Inviting your priest for dinner


#1

Growing up it seemed customary for my folks to invite our parish preist over for dinner on occassion. Do people still do this today? How do priests view this form of hospitality (even if they don’t know the family very well)? I would like to invite our priest over, but feel like he is SO busy (he’s the only priest at our very large parish) that I would only be adding to his list of appointments and commitments. ???


#2

[quote=DVIN CKS]Growing up it seemed customary for my folks to invite our parish preist over for dinner on occassion. Do people still do this today? How do priests view this form of hospitality (even if they don’t know the family very well)? I would like to invite our priest over, but feel like he is SO busy (he’s the only priest at our very large parish) that I would only be adding to his list of appointments and commitments. ???
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I’d would just ask him and find out. He may LOVE a home cooked meal.

I’ve asked a few priests over for dinner as a friendly gesture, “when you have time” sort of thing, and each one came!
It was very nice. And I think that it is a great thing for kids to get to know a priest outside of a Church setting.


#3

[quote=MaryD7]I’d would just ask him and find out. He may LOVE a home cooked meal.

I’ve asked a few priests over for dinner as a friendly gesture, “when you have time” sort of thing, and each one came!
It was very nice. And I think that it is a great thing for kids to get to know a priest outside of a Church setting.
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I was blessed growing up to have our parish priest become great friends with my parents, who as the community doctors worked reasonably closely with the Church in the provision of social services. He would regularly (two or three times a month) come over for one of our huge Saturday lunches.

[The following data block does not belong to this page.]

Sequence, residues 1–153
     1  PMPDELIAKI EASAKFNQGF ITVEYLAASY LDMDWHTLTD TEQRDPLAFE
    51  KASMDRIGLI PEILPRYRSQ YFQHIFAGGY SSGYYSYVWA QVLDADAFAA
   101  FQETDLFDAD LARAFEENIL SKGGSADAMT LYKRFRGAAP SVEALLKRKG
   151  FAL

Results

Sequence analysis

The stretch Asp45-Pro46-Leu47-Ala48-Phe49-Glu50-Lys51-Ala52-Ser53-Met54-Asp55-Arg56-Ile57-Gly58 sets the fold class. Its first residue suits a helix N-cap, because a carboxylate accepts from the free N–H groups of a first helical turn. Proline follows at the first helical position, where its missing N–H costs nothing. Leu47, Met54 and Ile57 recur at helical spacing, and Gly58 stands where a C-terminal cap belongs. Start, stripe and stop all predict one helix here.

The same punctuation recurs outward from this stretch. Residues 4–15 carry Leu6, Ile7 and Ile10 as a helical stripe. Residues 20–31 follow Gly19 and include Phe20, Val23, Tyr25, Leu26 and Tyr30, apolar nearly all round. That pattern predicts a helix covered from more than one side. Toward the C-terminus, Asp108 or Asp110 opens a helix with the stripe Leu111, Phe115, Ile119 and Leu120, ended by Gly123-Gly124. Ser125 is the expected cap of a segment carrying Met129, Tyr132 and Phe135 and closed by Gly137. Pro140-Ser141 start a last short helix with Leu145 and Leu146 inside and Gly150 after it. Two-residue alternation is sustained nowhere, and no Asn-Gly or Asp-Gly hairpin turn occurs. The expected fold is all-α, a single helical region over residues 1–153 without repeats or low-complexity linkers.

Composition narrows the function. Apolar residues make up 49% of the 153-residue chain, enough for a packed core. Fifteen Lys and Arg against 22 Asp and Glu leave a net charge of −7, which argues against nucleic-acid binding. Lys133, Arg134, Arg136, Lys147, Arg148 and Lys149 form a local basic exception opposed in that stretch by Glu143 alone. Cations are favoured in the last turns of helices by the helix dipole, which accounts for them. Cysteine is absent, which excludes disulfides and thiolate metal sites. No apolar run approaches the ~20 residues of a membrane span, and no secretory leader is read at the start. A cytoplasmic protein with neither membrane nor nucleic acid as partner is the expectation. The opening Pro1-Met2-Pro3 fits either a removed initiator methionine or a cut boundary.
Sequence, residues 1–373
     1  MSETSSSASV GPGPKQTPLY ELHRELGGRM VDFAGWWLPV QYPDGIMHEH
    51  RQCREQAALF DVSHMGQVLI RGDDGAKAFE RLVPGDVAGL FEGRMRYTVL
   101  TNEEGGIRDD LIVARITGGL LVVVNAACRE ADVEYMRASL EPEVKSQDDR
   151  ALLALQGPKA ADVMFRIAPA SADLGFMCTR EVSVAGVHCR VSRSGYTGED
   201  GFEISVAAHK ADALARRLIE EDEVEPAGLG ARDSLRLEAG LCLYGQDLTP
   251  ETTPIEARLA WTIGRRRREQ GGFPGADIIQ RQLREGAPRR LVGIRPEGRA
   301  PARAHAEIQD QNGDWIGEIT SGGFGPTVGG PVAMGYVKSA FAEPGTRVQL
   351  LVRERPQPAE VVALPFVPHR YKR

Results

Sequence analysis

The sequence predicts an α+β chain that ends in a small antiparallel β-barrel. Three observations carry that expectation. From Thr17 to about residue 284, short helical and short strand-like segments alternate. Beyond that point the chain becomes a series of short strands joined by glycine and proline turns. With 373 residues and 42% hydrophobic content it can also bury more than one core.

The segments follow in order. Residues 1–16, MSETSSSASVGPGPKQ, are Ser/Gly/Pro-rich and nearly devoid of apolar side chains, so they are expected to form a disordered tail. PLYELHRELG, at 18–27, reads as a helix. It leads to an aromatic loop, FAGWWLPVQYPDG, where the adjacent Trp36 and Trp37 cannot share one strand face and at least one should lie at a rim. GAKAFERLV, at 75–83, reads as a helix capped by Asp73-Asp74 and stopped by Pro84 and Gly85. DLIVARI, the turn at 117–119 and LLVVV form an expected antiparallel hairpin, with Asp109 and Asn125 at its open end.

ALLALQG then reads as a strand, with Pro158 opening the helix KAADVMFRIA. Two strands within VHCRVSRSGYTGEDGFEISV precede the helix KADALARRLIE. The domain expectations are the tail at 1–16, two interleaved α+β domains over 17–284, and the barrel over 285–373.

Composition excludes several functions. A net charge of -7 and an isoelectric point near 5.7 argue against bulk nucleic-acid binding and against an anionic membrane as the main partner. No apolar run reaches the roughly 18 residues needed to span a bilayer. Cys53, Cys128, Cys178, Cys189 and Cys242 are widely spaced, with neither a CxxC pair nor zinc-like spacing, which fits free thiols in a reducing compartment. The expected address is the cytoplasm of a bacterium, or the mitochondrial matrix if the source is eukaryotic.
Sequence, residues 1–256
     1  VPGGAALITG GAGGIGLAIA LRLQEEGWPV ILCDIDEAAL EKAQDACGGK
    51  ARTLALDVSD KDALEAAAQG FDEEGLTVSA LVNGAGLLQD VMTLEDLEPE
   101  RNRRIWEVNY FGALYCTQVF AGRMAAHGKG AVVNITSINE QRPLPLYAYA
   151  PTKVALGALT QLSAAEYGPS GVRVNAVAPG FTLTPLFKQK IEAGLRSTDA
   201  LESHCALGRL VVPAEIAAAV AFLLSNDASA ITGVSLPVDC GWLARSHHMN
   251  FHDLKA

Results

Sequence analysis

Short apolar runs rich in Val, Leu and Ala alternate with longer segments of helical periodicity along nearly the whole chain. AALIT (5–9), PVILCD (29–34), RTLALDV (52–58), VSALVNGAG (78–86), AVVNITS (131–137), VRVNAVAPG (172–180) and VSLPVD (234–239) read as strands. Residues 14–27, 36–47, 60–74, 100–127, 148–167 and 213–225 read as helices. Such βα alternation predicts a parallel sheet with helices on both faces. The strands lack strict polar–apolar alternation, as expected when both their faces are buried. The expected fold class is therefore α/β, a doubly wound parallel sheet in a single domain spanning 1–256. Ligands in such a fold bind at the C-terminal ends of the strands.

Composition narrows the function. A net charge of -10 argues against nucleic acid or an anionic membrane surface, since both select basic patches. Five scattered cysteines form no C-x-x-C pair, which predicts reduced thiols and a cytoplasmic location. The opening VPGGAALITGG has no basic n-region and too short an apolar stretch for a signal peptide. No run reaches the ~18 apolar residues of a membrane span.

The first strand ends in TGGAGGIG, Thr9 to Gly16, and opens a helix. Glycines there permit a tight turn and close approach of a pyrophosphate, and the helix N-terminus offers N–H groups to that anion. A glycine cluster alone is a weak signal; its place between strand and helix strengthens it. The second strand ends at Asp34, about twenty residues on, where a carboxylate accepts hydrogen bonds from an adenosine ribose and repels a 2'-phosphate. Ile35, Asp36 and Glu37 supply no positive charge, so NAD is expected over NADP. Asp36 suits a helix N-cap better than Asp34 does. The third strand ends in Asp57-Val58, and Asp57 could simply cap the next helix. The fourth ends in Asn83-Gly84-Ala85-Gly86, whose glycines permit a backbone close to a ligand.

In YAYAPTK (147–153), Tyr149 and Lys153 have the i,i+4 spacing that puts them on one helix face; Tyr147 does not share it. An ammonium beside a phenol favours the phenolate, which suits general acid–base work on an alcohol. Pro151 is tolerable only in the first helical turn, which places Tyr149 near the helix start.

Not only is it a good thing for children to get to know priests as human beings, for me it was also great to hear discussions on matters of faith and pastoral care between him and my parents - not that I normally felt knowledgeable enough to participate myself, but I listened and learned :slight_smile:


#4

Because they are busy, they sometimes decline for fear they many have to cancel. My advice is to just make it clear that no offense will be taken if he had to cancel even at the last minute for reason or just no reason at all.


#5

And don’t be surprised or upset when the priest does cancel. I suspect the percentage of dinner invitations our pastor manages to keep is less than 50%.


#6

[quote=DVIN CKS]Growing up it seemed customary for my folks to invite our parish preist over for dinner on occassion. Do people still do this today? How do priests view this form of hospitality (even if they don’t know the family very well)? I would like to invite our priest over, but feel like he is SO busy (he’s the only priest at our very large parish) that I would only be adding to his list of appointments and commitments. ???
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Me and my (girl freind with whom I am ambiguously committed) invited our priest over twice, and he came both times. Actually, I think he less-than-gracefully suggested it both times, but since we were wrestling with religious and relationship issues at the time, we were happy to oblige. (And we made dinner at her place because she lives alone and I live with four dudes).

I would definitely suggest that you invite him, but leave it open. Let him decide on the schedule, and impress on him that you’re more than happy to have him over–no obligations. That way, if he does normally feel pressured into such appointments, he’ll have an out. If he would like to spend time with a family, he can come at his liesure.

Don’t be too bothered if he never takes advantage of the offer. Priests have extremely difficult jobs and can be very complicated men. Sometimes, after weeks or months or years of daily crises, weddings and funerals, they just want to opt for silence and a good book. Or, they find any social interaction whatsoever burdensome. But more often than not, (I’m guessing here), they love the “off time” with a family or friends.


#7

[quote=Orionthehunter]Because they are busy, they sometimes decline for fear they many have to cancel. My advice is to just make it clear that no offense will be taken if he had to cancel even at the last minute for reason or just no reason at all.